Deceptively Convenient, Nine Perfect Strangers Rushes Towards Its Imperfect Conclusion, Film Companion
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Literally called Tranquillum, there’s an expensive wellness retreat, which, by means of experimental techniques, apparently heals you. Obnoxiously enough, the program is called ‘Us 2.0’. Add to that the fact that it’s got no social media presence, and customers only discover it through word of mouth. Moreover, the mysterious Russian woman who runs the place apparently ‘vets’ the customers, and decides which nine people to admit at a go. So, a unique cocktail of insecurities, damage, trauma and dysfunction is concocted. As shady as it all sounds, the place has a charming vibrancy about it, and you feel inclined to believe all you’ve heard about its capability to transform and heal you.

At the risk of sounding cliché, nothing is as it seems. Questionable medical practices, morally dubious methods of therapy, a definitely disturbing lack of transparency, and a disconcerting amount of hostility, makes that same serene atmosphere feel extremely volatile, about to explode itself and your sanity to smithereens, any moment. It doesn’t even take long for that to happen, and soon enough, everyone’s judging each other, and arguing with no intention of improving. The nonchalance of the host, who always has this phoney smile on her face, is possibly the most annoying thing about it all. She seems to be opening them to the chaos, so they introspect, but it doesn’t feel healthy at all.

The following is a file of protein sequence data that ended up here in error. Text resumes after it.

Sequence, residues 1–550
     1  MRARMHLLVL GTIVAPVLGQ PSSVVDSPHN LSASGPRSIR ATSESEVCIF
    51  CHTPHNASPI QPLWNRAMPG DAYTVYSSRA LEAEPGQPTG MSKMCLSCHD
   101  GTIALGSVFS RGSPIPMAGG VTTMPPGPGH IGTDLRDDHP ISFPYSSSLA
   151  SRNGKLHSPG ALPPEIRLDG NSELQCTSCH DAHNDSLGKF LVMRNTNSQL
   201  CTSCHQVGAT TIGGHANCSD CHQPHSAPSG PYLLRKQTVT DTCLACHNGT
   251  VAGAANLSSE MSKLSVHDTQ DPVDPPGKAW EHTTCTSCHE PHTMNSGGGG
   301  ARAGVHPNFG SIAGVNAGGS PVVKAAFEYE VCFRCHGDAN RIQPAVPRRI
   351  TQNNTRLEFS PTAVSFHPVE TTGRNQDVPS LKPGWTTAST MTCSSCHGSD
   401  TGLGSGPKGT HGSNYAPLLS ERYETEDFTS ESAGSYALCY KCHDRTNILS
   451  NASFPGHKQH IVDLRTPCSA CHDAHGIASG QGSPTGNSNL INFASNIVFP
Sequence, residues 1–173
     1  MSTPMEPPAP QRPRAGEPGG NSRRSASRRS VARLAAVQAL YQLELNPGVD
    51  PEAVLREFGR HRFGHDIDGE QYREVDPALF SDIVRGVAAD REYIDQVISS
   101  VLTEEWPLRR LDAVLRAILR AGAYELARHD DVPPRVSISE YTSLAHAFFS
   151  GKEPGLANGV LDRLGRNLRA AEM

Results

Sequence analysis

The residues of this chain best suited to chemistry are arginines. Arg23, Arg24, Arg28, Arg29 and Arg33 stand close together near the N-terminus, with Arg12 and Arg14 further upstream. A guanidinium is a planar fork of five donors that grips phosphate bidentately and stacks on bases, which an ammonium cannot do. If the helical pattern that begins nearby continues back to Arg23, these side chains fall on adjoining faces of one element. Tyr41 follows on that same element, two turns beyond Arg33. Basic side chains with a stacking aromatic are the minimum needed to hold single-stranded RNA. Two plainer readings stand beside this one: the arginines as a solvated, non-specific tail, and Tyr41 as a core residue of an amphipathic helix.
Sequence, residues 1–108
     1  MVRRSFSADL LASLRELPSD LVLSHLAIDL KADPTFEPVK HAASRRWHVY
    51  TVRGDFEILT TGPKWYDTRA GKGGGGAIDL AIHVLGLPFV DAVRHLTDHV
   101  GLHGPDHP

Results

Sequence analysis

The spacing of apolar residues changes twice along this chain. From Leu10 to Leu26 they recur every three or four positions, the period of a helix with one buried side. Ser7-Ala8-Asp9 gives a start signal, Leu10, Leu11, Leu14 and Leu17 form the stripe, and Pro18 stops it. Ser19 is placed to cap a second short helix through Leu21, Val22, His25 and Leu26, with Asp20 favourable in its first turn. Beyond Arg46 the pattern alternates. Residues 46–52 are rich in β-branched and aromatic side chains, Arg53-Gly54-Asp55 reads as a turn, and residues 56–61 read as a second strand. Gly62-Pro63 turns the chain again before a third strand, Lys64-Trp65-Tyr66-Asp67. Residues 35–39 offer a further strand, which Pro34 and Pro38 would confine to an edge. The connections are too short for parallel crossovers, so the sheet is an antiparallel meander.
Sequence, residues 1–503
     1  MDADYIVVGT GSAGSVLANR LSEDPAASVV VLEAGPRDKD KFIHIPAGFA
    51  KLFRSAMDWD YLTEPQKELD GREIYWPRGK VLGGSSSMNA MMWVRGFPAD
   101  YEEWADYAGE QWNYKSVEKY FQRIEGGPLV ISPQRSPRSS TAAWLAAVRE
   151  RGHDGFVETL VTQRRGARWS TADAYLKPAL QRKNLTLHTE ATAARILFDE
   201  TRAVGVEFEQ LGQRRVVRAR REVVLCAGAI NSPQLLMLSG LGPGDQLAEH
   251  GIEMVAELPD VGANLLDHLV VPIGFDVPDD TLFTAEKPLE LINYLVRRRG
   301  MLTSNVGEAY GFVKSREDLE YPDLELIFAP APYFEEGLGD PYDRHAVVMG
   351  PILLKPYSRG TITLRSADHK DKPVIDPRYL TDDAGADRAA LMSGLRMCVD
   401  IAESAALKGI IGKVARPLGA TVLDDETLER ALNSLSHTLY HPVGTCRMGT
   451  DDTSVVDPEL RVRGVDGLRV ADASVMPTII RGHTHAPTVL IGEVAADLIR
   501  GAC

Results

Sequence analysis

As a premise to a story that explores how traumatised people see the world and handle their existence, it sounds almost like a gold mine. The potential is infinite, with the interesting mix of issues and personalities who’ve been brought together at Tranquillum. The personality of the host, who is quite obviously troubled herself, adds to the intrigue, with the gradually growing realisation that she’s doing it as much for herself, as for her ‘patients’. However, instead of wallowing in the muck, and coming up with an insightful take on the journey towards healing, Nine Perfect Strangers, wanders off to a concrete conclusion, its potential left largely untapped, and you left feeling grossly unsatisfied.

Of course there are some very memorable conversations, and the moments of genuine growth do come across well. You’ll definitely have some things to take from it, but on the whole, the story doesn’t do justice to its set-up. Those who might relate with even one of the nine strangers, will feel stranded if they approach the thing personally. From discussing their troubles in one episode, and having psychedelic visualisations of them in the other, to suddenly feeling they understand themselves because of retrospection done under the impression of being trapped in a burning building, it all happens too quickly. The trauma is presented beautifully and accurately, but it’s sorted very poorly.